Identify a leader
Identify a strong leader among the offshore team to act as your primary point of contact so you aren’t overseeing the work of the entire team from a distance. Identify a leader that you can communicate regularly with and make that person responsible for all updates and reports. That will be the individual who is available to be on customer calls and report development status as needed. If there is a US-based lead developer this offshore team lead will be the person who is available to that lead developer during the delivery team’s workday schedule.
Establish a communication schedule
When your team is close and communication is easy and straightforward, you can likely rely mostly on regular status meetings and status reports along with adhoc emails to ensure that everyone remains on the same page. However, when dealing with development team members on the other side of the world, more frequent communication is going to be necessary. More emails, likely more scheduled team calls and a separate status report from the offshore team lead on a weekly basis should be part of the project communication methods. And always follow-up verbal communication with written communication to ensure proper understanding and commitment on both sides.
Manage scope as if your life depended on it
Communication is always going to be an issue whether it’s across cultures, time zones, pure distance…whatever. There is always the risk that it can present some sort of roadblock. Given that, scope must be managed as though your life depended on it.
It’s a given that scope must be managed with the customer. Rarely do you think of it in terms of managing it within your own team. But when you’re dealing with offshore development in the form of a 3rd party organization or just developers working for your company who happen to be in another country, it can also be an issue for your team members.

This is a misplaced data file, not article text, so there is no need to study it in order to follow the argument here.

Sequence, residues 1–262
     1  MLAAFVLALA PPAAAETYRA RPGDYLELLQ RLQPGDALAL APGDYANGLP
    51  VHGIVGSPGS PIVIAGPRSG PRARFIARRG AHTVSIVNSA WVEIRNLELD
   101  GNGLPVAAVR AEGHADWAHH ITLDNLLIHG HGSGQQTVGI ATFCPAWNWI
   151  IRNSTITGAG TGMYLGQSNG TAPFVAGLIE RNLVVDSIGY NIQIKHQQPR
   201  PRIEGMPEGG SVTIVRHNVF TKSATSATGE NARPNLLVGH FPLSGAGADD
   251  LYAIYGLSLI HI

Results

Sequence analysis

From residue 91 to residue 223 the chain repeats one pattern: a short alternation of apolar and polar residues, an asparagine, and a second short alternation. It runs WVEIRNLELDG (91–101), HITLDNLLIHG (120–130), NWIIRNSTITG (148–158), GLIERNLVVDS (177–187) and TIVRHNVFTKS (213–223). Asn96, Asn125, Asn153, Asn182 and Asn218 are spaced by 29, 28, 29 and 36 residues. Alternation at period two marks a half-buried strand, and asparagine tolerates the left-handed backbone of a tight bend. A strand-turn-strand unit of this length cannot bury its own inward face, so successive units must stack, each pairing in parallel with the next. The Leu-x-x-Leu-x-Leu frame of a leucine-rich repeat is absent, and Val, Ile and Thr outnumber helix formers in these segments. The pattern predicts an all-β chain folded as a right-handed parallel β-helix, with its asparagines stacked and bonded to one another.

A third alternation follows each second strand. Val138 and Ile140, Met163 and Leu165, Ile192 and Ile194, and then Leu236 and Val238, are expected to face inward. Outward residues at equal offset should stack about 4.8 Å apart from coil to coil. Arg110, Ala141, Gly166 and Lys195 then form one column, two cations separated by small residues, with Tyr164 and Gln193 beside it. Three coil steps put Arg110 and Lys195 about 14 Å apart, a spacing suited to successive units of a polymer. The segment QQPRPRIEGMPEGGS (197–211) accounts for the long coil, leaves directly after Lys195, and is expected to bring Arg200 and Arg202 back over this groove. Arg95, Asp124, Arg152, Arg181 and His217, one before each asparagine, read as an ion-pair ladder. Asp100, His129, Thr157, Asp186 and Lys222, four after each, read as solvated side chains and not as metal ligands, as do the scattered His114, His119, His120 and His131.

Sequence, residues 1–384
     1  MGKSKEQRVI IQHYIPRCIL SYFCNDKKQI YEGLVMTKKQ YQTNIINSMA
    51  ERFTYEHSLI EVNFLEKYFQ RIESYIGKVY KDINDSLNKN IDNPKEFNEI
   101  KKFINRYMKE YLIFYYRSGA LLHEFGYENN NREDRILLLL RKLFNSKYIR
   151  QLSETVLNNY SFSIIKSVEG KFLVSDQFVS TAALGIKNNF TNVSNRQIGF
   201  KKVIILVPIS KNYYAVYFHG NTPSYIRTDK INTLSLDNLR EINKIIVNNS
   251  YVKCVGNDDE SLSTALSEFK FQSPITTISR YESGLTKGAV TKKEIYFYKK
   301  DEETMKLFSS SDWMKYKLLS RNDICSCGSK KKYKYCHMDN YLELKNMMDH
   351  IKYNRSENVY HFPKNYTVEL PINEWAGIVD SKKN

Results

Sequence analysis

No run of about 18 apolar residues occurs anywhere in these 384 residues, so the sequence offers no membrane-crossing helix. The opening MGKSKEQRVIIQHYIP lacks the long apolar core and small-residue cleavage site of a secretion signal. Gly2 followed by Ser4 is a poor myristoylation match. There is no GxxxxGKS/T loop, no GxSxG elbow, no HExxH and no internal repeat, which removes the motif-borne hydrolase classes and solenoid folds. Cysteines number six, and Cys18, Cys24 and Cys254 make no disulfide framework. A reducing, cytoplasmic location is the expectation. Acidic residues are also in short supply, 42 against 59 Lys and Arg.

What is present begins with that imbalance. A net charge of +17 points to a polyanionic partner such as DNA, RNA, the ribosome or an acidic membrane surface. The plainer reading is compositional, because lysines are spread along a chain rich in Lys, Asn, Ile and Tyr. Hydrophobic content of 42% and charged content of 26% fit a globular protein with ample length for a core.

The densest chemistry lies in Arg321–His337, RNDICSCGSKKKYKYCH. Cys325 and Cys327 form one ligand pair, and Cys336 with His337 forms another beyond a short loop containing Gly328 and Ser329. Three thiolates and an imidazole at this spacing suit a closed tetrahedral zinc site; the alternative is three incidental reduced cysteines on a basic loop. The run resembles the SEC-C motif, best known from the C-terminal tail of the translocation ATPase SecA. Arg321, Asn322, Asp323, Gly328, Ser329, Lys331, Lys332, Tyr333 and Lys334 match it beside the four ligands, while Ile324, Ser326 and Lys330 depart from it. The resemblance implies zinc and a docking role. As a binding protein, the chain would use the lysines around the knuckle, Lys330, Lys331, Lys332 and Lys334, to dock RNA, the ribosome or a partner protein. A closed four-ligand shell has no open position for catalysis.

Miscommunicated or misunderstood requirements can cause scope issues. Poor oversight of the offshore activities can strain the budget and timeline and thus create scope issues. Keep a tight rein on the project scope and schedule and communicate well and often in order to help mitigate this risk.
Even if the offshore development work is for internal use and not a customer project, it will be critical for the delivery team to act in the role of customer when development milestones are reached. Use an iterative development process and test regularly. Test after every development milestone to review the development activity or the functionality of the code. That way, any scope issues or requirements misunderstandings can be identified and possibly corrected long before moving toward deployment.
I’ve utilized offshore developers on several projects and for the most part it has been a great experience. The education level, dedication, focus and overall work ethic have been very strong. My only problems so far have been with time zones and sudden unavailability of a particular team member.
Communication is key…do that well with all of your team members – offshore and onshore – as well as your customer and your chances of project success increase greatly.